After the pummeling beats of “Dark Entries,” the next song, “Double Dare” almost seems leaden, like some ridiculous version of an old Black Sabbath tune. It all sounds atonal and unhinged; something that would certainly drive parents crazy. Murphy ramps up the crazy vocal acrobatics and there’s scarcely a chorus in sight. (This style would later reach its apex in the almost-unlistenable “Swing the Heartache” from 1982′s The Sky’s Gone Out.)

Both David J’s bass and Kevin Haskins’ drumming are just fantastic on “In the Flat Field,” like some kind of controlled, bubbling cauldron. (Although I didn’t consciously realize it at first, Haskins’ style is awfully similar to the “Burundi Beat” drumming of Adam and the Ants, who I genuinely adore). Here we are also introduced to Murphy’s terrifically ludicrous, nonsensical lyrics: Yin and Yang lumber punch/Go taste a tart, then eat my lunch. What the eff, dude. Still, it sounds really good.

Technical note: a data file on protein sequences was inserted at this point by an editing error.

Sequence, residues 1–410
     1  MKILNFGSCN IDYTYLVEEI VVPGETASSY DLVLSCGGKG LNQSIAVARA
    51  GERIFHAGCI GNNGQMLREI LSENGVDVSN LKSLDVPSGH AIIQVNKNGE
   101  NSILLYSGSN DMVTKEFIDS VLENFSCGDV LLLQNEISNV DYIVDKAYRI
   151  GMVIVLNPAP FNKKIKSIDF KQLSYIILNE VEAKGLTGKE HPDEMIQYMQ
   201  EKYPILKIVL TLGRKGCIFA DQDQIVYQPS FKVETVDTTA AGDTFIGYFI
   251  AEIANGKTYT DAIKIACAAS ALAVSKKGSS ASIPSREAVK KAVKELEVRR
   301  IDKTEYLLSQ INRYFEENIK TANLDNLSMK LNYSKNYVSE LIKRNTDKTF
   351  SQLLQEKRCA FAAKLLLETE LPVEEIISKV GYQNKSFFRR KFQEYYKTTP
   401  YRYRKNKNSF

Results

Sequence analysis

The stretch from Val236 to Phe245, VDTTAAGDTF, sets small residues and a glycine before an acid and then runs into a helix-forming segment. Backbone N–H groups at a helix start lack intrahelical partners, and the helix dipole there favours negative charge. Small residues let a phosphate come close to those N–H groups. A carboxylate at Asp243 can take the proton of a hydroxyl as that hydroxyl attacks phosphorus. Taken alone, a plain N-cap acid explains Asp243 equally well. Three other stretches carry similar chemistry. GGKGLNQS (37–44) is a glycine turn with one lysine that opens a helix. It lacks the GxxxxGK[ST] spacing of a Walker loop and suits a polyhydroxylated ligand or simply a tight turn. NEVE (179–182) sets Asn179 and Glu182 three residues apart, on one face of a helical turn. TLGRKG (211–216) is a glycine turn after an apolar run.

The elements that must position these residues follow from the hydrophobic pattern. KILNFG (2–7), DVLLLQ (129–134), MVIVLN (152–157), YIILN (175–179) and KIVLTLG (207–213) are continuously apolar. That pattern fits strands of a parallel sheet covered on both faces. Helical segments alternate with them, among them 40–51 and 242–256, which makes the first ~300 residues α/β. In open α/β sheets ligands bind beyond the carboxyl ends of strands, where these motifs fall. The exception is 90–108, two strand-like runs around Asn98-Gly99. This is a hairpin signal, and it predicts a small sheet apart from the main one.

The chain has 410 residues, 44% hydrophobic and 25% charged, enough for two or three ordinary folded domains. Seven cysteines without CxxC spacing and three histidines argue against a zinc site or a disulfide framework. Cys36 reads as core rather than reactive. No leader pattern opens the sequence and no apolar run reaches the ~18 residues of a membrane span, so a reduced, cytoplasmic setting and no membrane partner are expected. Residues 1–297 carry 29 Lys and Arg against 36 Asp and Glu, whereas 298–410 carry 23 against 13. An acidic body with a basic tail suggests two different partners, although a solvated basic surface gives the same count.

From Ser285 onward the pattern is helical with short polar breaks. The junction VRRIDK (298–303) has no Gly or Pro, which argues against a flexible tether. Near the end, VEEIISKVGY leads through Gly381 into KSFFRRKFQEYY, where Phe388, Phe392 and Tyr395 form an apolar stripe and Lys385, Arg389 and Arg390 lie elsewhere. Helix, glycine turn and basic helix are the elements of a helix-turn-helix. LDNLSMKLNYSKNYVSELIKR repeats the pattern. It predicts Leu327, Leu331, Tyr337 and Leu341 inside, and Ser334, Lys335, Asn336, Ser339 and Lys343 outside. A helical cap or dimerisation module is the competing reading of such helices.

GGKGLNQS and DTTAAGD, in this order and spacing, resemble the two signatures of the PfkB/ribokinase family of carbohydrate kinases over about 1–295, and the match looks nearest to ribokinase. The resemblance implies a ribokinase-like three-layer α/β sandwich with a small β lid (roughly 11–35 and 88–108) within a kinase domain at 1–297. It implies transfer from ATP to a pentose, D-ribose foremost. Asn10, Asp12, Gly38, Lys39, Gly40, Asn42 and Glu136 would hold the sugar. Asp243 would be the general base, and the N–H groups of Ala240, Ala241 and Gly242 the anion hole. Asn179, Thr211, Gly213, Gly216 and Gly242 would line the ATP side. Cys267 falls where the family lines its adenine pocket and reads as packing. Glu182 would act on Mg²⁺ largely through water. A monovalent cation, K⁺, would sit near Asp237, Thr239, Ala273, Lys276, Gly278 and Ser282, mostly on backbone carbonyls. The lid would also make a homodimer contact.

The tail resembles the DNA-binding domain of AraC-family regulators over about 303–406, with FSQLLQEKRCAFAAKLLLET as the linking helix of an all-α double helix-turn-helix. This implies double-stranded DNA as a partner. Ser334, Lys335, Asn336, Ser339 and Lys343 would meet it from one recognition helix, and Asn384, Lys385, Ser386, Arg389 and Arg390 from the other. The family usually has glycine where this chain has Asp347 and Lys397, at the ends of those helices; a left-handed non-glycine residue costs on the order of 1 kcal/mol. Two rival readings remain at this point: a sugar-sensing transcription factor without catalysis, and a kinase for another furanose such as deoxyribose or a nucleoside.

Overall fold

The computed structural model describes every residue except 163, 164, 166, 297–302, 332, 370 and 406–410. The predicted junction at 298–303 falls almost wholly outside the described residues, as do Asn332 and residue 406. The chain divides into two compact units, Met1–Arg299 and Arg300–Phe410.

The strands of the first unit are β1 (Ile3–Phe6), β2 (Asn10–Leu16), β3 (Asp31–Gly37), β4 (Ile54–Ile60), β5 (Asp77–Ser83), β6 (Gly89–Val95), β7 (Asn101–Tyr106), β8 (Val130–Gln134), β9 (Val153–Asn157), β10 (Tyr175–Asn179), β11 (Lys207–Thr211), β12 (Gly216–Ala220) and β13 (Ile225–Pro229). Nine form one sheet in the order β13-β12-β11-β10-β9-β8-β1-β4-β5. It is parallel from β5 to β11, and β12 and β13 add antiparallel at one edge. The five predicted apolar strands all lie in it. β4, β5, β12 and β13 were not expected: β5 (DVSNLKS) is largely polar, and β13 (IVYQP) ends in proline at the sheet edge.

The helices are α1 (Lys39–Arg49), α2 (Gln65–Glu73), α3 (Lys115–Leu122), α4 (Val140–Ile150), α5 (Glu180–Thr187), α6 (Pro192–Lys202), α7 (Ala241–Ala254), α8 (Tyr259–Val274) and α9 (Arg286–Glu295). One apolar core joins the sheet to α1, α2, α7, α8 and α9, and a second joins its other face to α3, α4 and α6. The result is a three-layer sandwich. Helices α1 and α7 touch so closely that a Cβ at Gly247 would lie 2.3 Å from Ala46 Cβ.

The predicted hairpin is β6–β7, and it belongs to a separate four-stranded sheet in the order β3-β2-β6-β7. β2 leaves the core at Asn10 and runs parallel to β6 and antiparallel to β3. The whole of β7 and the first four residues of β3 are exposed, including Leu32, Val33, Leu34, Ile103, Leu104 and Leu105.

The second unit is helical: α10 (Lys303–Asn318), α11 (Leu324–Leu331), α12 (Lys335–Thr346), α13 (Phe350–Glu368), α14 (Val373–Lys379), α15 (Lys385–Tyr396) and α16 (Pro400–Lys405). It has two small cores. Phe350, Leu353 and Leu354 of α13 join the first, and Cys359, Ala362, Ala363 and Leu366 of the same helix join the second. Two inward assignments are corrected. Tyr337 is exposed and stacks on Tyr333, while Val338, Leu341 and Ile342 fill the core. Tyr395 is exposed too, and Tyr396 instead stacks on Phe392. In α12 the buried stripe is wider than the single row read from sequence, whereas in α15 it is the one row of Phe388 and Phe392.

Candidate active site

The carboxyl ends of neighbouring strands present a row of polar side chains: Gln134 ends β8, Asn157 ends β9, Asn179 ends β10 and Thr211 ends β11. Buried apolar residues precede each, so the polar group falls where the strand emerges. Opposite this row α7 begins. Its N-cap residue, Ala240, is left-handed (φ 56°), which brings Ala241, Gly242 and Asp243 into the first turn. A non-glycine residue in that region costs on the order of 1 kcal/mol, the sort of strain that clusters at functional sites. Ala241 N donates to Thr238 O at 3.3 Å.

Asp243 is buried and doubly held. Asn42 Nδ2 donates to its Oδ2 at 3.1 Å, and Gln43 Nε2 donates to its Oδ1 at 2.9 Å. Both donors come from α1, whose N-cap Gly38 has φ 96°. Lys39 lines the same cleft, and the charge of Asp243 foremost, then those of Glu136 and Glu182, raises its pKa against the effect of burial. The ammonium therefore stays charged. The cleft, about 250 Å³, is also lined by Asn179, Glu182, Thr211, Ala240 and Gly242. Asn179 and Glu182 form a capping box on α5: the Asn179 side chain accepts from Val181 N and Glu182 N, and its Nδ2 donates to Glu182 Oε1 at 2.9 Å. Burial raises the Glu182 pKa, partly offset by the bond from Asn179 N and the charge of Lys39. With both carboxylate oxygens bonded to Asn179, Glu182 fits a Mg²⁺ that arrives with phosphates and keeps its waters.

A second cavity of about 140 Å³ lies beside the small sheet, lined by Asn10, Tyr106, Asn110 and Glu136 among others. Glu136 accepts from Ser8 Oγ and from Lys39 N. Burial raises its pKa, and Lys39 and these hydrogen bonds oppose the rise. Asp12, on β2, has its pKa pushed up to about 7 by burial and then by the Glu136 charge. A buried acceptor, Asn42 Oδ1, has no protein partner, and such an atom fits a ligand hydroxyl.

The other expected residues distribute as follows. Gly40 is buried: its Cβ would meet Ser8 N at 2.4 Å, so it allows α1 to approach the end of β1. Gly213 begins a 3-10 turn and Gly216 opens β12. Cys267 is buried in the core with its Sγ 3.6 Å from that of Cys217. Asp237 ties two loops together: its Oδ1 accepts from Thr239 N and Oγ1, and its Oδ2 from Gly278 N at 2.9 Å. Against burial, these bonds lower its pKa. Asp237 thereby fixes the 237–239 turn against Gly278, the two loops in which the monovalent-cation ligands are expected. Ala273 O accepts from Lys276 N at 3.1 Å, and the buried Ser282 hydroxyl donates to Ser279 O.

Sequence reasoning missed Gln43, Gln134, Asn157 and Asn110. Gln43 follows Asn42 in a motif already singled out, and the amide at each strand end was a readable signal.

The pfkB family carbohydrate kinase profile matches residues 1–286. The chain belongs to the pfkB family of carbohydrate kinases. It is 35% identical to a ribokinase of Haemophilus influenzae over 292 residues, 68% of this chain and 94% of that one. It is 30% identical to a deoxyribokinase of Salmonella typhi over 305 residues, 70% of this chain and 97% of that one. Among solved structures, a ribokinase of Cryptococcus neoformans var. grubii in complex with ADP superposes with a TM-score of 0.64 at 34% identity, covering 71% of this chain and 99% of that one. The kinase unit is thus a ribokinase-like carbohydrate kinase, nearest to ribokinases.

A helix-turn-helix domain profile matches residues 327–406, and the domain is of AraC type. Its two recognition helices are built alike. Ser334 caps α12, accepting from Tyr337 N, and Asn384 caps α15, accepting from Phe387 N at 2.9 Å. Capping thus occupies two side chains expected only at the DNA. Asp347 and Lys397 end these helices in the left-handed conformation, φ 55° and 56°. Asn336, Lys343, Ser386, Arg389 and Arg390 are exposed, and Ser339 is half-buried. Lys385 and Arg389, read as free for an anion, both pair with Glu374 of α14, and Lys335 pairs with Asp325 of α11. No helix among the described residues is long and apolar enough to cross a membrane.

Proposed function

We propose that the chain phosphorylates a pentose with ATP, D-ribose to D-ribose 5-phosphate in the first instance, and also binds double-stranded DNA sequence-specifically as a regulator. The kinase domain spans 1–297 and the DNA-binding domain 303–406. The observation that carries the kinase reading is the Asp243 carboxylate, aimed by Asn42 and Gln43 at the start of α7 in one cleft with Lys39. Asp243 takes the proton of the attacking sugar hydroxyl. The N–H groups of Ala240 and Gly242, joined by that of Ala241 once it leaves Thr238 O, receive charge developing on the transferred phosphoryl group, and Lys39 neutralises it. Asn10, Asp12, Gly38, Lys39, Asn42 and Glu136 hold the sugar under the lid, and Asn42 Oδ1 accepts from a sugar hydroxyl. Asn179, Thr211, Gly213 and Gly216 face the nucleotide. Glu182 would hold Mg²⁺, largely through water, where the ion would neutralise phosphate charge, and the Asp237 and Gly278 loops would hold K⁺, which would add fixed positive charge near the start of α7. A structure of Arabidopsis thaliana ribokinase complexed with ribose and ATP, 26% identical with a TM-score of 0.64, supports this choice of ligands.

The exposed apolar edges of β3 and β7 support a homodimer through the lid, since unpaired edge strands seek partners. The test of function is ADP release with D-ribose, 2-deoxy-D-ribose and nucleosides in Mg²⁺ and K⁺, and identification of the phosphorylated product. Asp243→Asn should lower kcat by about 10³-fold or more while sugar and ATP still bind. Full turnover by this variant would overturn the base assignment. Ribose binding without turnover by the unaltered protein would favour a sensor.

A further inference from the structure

It puzzles me that “God In An Alcove” didn’t make it onto 1979 – 1983 as it’s definitely one of Bauhaus’s best songs, both lyrically and in terms of Daniel Ash’s guitar playing. (Okay, maybe the “Now I am silly” bit is a bit . . . silly.)

Damn it if “Dive” doesn’t full on rock, as much as a band like Bauhaus could rock, with cacophonous saxophone courtesy of Daniel Ash (and lyrics not unlike Duran Duran’s “Late Bar” from their own debut album). I’m also particularly enamored of “Spy in the Cab” with its squelchy, squirt-y keyboard flourishes and flair for espionage. Here Murphy actually sings instead of screaming. The ending vocalizations must have influenced a very young Brian Warner a.k.a. Marilyn Manson.

“Small Talk Stinks” is next, and the title says it all. You can also hear David J. on vocals. To me, this is an archetypal Bauhaus song, the kind that separates the casual fan from the hardcore one.